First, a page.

Tag Archive for Long Island memories
Greetings, I’m Lewis Buzbee, guest-blogger for the day.
Guest blogger: Lewis Buzbee.
It’s true, I’ve hi-jacked James Preller’s blog to bring you a very cool conversation with Mr. Preller (he makes me call him that) about his newest book, Before You Go (Macmillan, July 2012), which is his first Young Adult novel. I’ve taken control here because Mr. Preller is a very generous writer who frequently trumpets and supports the work of his fellow writers, and I figure it was time to hear from him. James has interviewed me twice, and our conversations have been so enjoyable, so thoughtful, I wanted to turn the tables, see what he had to say.
Before You Go, I must tell you, is a deliciously good book, whether you call it YA or not. It centers on a tough summer in the life of Jude, who has to face all of the toughest questions — what is love, what is death, what comes next? It’s everything a novel should be; it’s funny, moving, troubling, smart, and illuminating. Forget the labels, it’s a beautiful novel, and you should read it.
James, you’ve written picture books, chapter books, and middle grade novels; Before You Go is your first Young Adult novel. Why now?
Before You Go was the most logical step in a haphazard career path. You could argue that writing older and longer has been a gradual process for me, roughly parallel to the growth of my own children (Maggie, 11, Gavin, 12, Nick, 19). But you asked, “Why now?” and frankly I don’t have an easy answer for that. Except: opportunity. I’m lucky to have an editor, Liz Szabla, who doesn’t look to put me in a box or turn me into a brand. She supports my randomness.
How was writing Young Adult different?
I felt that writing for young adults came closest to my natural voice. I loved going back to my 16-year-old self, tapping into that rich and vigorous vein. So many ideas and feelings and memories bubbled forth. First love, big emotions, friendships, wild times, painful times, all of it. Location became central to this story, and I set it in my hometown, including real places I’d been. That trip out to the Amityville Horror House, for example, that’s something many of us Long Island kids did in our boredom, in our driving-around-looking-for-something-to-do lives. I am instantly transported back into that car with my high school friends, Kevin, Eric, Billy, and Jim –- a bunch of guys, a little lost, trying to figure out Saturday night.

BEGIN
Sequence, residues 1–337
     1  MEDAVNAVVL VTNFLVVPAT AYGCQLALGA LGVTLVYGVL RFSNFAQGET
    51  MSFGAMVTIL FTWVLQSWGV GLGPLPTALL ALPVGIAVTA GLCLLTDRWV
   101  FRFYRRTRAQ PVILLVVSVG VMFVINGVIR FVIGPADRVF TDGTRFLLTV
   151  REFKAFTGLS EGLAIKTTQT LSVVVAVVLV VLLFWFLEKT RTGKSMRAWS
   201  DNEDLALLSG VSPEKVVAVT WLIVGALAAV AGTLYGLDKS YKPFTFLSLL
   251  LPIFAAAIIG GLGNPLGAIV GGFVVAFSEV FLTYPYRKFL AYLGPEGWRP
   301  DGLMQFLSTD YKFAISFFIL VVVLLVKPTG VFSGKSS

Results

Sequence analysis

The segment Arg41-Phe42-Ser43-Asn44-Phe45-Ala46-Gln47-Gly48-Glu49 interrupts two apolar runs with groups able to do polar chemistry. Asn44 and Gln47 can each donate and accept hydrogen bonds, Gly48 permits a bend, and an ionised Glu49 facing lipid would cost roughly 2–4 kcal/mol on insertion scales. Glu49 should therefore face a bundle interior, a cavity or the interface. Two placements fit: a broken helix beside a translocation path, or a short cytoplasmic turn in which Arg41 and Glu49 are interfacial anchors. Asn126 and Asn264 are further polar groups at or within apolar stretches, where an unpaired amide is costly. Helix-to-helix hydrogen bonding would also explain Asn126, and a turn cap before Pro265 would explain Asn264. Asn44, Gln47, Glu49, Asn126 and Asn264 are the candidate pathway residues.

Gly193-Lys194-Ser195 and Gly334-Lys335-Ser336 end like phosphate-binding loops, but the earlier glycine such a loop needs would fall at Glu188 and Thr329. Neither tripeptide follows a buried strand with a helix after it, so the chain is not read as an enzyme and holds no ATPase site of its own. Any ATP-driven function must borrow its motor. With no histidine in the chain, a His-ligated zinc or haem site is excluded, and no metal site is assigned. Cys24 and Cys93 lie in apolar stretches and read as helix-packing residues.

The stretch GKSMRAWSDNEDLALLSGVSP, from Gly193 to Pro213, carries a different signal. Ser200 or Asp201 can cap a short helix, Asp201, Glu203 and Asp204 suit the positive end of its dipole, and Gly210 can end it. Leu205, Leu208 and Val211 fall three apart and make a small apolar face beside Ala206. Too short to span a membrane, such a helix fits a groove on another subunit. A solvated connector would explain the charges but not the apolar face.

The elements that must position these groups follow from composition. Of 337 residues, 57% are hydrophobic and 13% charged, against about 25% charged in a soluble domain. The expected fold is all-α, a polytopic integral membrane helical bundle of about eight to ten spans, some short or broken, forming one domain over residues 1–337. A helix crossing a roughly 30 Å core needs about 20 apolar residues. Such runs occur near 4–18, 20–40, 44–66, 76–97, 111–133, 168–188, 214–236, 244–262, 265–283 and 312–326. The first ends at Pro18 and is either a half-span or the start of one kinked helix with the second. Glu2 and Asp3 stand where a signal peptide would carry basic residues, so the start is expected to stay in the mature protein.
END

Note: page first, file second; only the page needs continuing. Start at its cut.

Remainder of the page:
Amityville: one exit in our driving-around lives.
Tell us where and/or how this story came to you?
After glancing through the pink-and-fanged world of Young Adult fiction, I felt a desire to write a realistic book, and a love story from a male perspective. There seemed to be many rescue-type love stories that were extremely romantic, but I felt as a guy, “There’s not one freaking thing here that my teenage self would read.” That’s a slight overstatement, but only slight. So that was the impulse, number one, but where was the story? I got the idea for a car accident out of two experiences: teaching my oldest son how to drive; and my recollection of two boys from my high school, Jesse and Mark, who died the first few months after getting their licenses. I remember driving by the tree where it happened, staring at that big oak, seeing where the bark had been chewed up by metal, imagining the horror. I got the idea to start the book with the accident, page one, then rewind six weeks into the past and tell the story from that point. We catch up to the accident about two-thirds of the way through, meet the characters, wonder who will be in the car and who will die, and so the book is divided into two parts, “Before” and “After.” Thus the novel’s opening sentence:
This is the moment between before and after, the pivot point upon which story, like a plate, spins.
I hoped the accident would give my story enough of a hook to keep readers hanging on, as this isn’t a story that offers one big action scene after another. It can’t be described as a typical book that average boys typically like. I don’t feel at all comfortable with these clichéd, empty-headed notion of what boys supposedly like. As a guy, I’d like to proclaim, “We are more than just farts and fire trucks.”
Farts = still comedy gold after all these years.
I feel there’s a certain self-defeating, self-prophecy in a lot of publishing these days, i.e., boys are big galoots, so let’s give them farting fire trucks, or girls are princesses, etc. Funny, that’s not my memory of being a kid — I had all sort of interests.